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Kenny Walter is an editor with HCPLive. Prior to joining MJH Life Sciences in 2019, he worked as a digital reporter covering nanotechnology, life sciences, material science and more with R&D Magazine. He graduated with a degree in journalism from Temple University in 2008 and began his career as a local reporter for a chain of weekly newspapers based on the Jersey shore. When not working, he enjoys going to the beach and enjoying the shore in the summer and watching North Carolina Tar Heel basketball in the winter.
Canakinumab was previously approved for the treatment of Systemic Juvenile Idiopathic Arthritis.
The US Food and Drug Administration (FDA) has approved canakinumab (Ilaris) injections for the treatment of Active Still’s disease, including Adult-Onset Still’s Disease (AOSD).
The FDA previously approved the treatment for Systemic Juvenile Idiopathic Arthritis (SJIA) in patients at least 2 years.
Adult-Onset Still’s Disease is a rare and serious autoinflammatory disease without a known origin. Autoinflammatory disease are caused by abnormalities of the immune system that trigger an inflammatory response that can damage the body’s own tissues.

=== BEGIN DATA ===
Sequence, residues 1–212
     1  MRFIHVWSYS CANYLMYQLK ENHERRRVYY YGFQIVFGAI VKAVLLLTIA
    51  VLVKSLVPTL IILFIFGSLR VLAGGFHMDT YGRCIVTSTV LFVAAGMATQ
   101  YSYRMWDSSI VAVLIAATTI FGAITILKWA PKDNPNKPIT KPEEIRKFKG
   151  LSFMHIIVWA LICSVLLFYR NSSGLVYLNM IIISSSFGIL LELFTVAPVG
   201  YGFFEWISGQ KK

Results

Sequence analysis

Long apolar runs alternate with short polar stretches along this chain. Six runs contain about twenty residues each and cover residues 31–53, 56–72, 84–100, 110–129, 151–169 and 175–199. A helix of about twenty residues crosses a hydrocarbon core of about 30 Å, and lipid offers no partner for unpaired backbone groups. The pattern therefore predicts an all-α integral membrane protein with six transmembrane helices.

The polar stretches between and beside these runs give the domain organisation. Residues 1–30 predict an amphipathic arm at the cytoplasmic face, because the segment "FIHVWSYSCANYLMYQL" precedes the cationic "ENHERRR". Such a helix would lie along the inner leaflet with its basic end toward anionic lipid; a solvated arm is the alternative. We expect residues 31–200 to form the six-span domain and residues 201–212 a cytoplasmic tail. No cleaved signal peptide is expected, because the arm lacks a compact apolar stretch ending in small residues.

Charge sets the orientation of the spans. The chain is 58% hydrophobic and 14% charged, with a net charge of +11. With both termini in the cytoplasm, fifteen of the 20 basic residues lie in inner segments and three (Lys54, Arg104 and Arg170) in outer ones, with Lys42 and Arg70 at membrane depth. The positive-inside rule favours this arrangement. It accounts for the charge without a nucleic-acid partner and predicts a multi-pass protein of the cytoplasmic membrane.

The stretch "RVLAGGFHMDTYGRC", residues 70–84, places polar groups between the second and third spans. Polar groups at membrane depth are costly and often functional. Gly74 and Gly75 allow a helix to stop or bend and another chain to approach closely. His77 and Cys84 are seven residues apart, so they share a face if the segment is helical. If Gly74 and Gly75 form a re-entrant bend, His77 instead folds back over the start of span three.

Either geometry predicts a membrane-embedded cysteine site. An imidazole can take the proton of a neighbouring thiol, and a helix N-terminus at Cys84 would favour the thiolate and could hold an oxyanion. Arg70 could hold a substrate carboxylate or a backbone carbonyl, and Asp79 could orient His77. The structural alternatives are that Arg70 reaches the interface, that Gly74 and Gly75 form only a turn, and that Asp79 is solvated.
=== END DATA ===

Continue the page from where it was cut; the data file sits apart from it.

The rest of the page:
In AOSD, there is significant overlap with SJIA, including fever arthritis, rash and elevated markers for inflammation.
There is a well-established role in the 2 diseases of interleukin-1 (IL-1), a type of cytokine important in regulating the immune system.
Canakinumab blocks the effects of IL-1 and suppresses inflammation in patients with the autoinflammatory disorders.
The FDA approval is based on well-established safety and efficacy of the drug in AOSD using comparable pharmacokinetic exposure and extrapolation of established efficacy of canakinumab in patients with SJIA, as well as the safety of canakinumab in patients with AOSD and other diseases.
Some common side effects include colds and upper respiratory tract infections, abdominal pain, and injection-site reactions. The prescribing information includes a warning for potential increased risk of serious infections because of IL-1 blockades.
Treatment with immunosuppressants may increase the risk of malignancies. Patients are advised not to receive live vaccinations during treatment. Macrophage activation syndrome is also a life-threatening risk for patients with rheumatic conditions.
"Prior to today's approval, patients had no FDA-approved treatments for their disease, which can include symptoms such as painful arthritis, fevers and rash," Nikolay Nikolov, MD, acting director of the Division of Rheumatology and Transplant Medicine in the FDA's Center for Drug Evaluation and Research, said in a statement. "Today's approval provides patients with a treatment option."